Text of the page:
When the Grocery Manufacturers Association was sued for not disclosing the donors behind its heavyweight contribution to stop the Washington State ballot initiative to label genetically engineered foods in 2013, the public learned a few interesting things about its funding and plans.
Despite a full-court press defending the supposed benefits of genetically engineered "golden rice," it has never entered production. According to Jonathan Latham of Independent Science News, the science media has utterly failed to report accurately on genetically modified organisms (GMOs) -- on their failures and criticisms rather than just their potential successes. A transgenic high-protein cassava, a type of starchy edible root, was lauded in the scientific press but fizzled not long after. So did a supposedly virus-resistant sweet potato that was widely hailed in the media. According to Jonathan Latham of Independent Science News, these and others are just a few examples of what he says is the utter failure of the science media to report accurately and critically on genetically modified organisms (GMOs) -- on their failures rather than just their touted successes.
After a barrage of ads, Washington voters slid from a 66 percent show of support for labeling genetically modified organisms (GMOs) in food six weeks ago to defeating the state's Initiative 522 for GMO labeling at the polls, with preliminary results showing 55 percent against.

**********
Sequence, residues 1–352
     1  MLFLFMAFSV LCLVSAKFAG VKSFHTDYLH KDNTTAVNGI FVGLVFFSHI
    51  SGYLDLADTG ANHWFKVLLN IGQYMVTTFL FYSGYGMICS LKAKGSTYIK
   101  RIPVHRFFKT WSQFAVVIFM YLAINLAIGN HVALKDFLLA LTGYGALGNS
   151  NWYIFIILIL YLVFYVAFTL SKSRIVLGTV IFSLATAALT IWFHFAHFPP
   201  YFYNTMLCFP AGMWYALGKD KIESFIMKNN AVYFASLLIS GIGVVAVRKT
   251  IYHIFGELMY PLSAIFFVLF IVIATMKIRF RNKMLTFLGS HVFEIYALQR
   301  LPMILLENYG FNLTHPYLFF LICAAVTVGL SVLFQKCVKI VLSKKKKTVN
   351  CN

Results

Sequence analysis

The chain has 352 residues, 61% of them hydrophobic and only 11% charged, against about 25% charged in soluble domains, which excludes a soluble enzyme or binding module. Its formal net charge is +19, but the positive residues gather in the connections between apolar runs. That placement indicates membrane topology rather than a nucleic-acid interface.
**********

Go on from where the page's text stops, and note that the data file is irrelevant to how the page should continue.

The fast food burrito chain Chipotle, which advertises "food with integrity," became the first restaurant chain in the United States to label genetically modified ingredients in its food in March 2013.
Genetically modified organisms (GMOs) have sparked concerns about potential human health effects and confirmed environmental effects. Chipotle has 1,450 restaurants as of June 2013 and $2.7 billion in annual revenue, so the labeling is no small potatoes.
In an advance that makes history, Vermont's House of Representatives passed a bill on May 10 requiring foods containing genetically modified organisms (GMOs) to be labeled. This is the furthest any such legislation has made it through the legislative process in the United States.
The extended comment period on the U.S. Food and Drug Administration (FDA) review and approval of AquAdvantage genetically engineered (GE) salmon ends April 26. As more comments flood in, the Center for Food Safety (CFS) reports that documents disclosed through a Freedom of Information Request (FOIA) "raise serious questions about the adequacy of the FDA's review of the AquAdvantage Salmon application."
Bills were introduced in the Iowa and Illinois state senates last week that would require genetically engineered (GE) foods to be labeled. Iowa's bill would require labeling if a food contains more than nine-tenths of a percent GE ingredients, whereas Illinois' bill has a one percent threshold.
-- by Wenonah Hauter, Food and Water Watch
While most Americans were enjoying the holiday season or stressing out over the nation's imminent leap off the so-called fiscal cliff, the Food and Drug Administration delivered some big news as quietly as possible. Fishy Genes.
California Proposition 37 to label foods containing genetically modified organisms (GMOs) is up for a vote on Tuesday, November 6. It enjoyed broad popular support as of September, with a USC Dornsife/Los Angeles Times poll showing support by 61 percent of registered voters. But in the two weeks following that poll, support dropped to 48 percent, according to a poll done by Pepperdine University School of Public Policy and the California Business Roundtable.